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Thursday, January 5, 2012

Isabel Allende Interview



From time to time I will be posting interviews that appear in the online magazine Lost in Fiction. The following Isabel Allende interview by Lucy Hannau is the first of these interviews.

Isabel Allende
Interview by Lucy Hannau, Lost in Fiction Editor




19 books, translated into 35 languages. More than 57 million copies sold. 12 international honorary doctorates, 50 awards in more than 15 countries and 2 international movies, Isabel Allende's next book, Maya's Note Book, is available at Amazon.

Isabel Allende Llona (born in Lima, Peru on 2 August 1942) is a Chilean writer with American citizenship. Allende, whose works sometimes contain aspects of the "magic realist" tradition, is famous for novels such as The House of the Spirits (La casa de los espiritus, 1982) and City of the Beasts (La ciudad de las bestias, 2002), which have been commercially successful. Allende has been called "the world's most widely read Spanish-language author". In 2004, Allende was inducted into the American Academy of Arts and Letters, and in 2010, she received Chile's National Literature Prize.

Allende's novels are often based upon her personal experience and pay homage to the lives of women, while weaving together elements of myth and realism. She has lectured and toured many American colleges to teach literature. Fluent in English as a second language, Allende was granted American citizenship in 2003, having lived in California with her American husband since 1989. In 1996, she founded the Isabel Allende Foundation, in honour of her daughter Paula, who passed away when she was only 28. The foundation's goal is to empower women and girls worldwide.

Which of your characters do you feel more connected to? Why?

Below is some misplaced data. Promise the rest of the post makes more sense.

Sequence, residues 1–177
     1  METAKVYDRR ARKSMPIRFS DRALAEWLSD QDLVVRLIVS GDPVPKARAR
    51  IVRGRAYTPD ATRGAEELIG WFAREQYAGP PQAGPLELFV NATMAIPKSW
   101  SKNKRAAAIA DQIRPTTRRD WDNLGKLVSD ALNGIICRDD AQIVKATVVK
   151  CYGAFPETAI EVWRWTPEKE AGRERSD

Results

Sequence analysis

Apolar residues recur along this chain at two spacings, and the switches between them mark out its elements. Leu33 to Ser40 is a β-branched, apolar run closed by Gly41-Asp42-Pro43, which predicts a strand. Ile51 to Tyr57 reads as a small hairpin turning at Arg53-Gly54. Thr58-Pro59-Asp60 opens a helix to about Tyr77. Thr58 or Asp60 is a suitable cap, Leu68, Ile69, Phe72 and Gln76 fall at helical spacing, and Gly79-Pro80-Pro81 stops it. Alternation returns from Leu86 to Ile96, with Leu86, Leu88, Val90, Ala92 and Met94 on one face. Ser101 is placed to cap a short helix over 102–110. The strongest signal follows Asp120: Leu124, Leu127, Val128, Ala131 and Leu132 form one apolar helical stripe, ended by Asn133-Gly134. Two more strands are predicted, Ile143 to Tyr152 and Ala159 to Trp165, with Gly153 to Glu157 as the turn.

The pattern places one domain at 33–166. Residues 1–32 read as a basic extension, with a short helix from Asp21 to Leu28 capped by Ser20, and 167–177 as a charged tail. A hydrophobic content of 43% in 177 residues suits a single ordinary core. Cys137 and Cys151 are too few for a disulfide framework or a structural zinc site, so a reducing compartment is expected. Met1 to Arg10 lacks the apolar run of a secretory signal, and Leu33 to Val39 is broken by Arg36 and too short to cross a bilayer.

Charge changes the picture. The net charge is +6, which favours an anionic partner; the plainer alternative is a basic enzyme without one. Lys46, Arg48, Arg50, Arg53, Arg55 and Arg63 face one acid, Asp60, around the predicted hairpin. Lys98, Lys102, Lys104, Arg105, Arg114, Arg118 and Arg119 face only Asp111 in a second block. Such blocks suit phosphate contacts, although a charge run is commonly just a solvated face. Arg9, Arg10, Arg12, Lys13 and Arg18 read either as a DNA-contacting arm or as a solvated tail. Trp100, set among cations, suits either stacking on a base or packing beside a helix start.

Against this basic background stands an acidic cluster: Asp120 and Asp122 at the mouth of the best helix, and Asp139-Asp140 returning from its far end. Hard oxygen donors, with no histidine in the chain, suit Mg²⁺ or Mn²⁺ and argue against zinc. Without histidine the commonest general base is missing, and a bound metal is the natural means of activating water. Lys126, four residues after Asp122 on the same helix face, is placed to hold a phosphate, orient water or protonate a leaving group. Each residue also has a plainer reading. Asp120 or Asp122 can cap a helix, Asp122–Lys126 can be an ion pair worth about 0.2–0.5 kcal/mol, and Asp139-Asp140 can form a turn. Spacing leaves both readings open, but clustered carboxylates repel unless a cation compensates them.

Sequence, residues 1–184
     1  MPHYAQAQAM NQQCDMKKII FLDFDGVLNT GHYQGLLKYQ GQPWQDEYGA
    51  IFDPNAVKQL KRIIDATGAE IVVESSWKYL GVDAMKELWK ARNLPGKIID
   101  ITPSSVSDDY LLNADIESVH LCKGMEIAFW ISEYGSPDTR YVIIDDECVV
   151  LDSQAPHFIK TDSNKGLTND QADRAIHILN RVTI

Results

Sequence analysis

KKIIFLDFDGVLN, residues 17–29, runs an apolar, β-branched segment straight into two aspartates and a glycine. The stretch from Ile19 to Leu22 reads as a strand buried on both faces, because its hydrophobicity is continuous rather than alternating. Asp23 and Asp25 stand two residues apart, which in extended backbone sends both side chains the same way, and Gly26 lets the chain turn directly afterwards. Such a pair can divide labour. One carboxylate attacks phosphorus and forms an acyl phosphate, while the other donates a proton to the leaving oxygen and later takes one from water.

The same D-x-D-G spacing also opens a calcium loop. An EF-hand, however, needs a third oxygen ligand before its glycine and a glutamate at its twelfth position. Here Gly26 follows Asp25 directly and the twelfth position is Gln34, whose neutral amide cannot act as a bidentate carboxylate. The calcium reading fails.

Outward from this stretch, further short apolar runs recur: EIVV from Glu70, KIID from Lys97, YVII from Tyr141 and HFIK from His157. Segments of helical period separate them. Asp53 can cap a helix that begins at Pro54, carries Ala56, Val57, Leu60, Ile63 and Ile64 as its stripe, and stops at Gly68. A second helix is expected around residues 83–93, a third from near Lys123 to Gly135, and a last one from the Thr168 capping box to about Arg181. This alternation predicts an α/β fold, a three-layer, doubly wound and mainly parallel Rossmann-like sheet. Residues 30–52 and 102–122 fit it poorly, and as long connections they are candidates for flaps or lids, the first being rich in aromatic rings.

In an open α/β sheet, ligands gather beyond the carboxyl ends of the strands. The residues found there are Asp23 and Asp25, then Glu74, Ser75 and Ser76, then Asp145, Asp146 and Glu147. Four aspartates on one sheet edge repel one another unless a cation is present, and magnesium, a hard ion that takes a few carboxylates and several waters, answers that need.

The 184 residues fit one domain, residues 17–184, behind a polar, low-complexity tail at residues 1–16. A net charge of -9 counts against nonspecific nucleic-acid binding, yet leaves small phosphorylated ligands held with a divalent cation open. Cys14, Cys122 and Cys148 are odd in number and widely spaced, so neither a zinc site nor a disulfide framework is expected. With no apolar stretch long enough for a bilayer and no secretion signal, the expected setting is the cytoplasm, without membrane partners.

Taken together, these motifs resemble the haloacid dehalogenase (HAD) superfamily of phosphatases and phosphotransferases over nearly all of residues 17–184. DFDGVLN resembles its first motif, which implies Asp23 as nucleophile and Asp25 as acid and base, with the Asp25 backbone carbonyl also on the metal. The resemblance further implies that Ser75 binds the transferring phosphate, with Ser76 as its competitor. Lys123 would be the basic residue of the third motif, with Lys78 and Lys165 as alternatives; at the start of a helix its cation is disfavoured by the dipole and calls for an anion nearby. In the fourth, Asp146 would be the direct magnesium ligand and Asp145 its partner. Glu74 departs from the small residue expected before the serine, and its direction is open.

I heard once that the author is in every character and that every character represents an aspect of the author. I don't identify with one character in particular but in most of my books the main female protagonist is a strong-willed, independent and rebellious woman who struggles to beat the odds against her. She is also sentimental and passionate. I feel very connected to those protagonists.

What does "writing" mean to you?

Life. Telling stories is the only thing I want to do. Writing is like breathing. Literature has given me a voice, has given sense to my life and it has connected me with millions of readers worldwide.

Getting published is always hard, how did you find Carmen Balcells?

My first novel, The House of the Spirits, was rejected by several publishing houses. One day the receptionist in one of those publishing houses told me that there was no hope of being published without a good agent and she mentioned Carmen Balcells. Later, Tomas Eloy Martinez, an Argentinian writer, gave me the address of Carmen Balcells in Spain and recommended her as the best agent for Latin American literature.

In one of your interviews you said you have a cinematographic vision when you write. New technologies are changing our lives today, almost everybody is on Facebook or tweets daily and then there is the e-book revolution: how do you relate to them both as an author and as a person? What do you think about e-books?

I don't have Facebook and I don't tweet because I have no time: I am too busy writing. Usually I have a pile of books on my night table waiting their turn to be read. I like to touch and smell books, but I prefer e-books when I travel because I can carry as many as I want in my iPad. I think that in the near future books will be rare items for collectors and libraries and we will be reading everything on a screen.

It's been many years you have been living in California where your "tribe" lives too. How do you keep your written Spanish so "polished," without even a minimal English interference in the vocabulary or in the syntax?

Oh! I wish that was true! My Spanish has deteriorated gravely. Willie, my American husband, thinks he speaks Spanish but his syntax sounds like Polish and when he doesn't know a word, he makes it up. After 25 years in his company I am writing the way he speaks. A young man in Spain, Jorge Manzanilla, corrects my manuscripts to eliminate Willie's pernicious influence.


Lucy Hannau is an editor at Lost in Fiction, where this interview first appeared. Lost in Fiction is an online magazine as well as a community of professional freelancers who offer services that include editing, editorial PR, multilingual translations, website creation and online promotion through social media.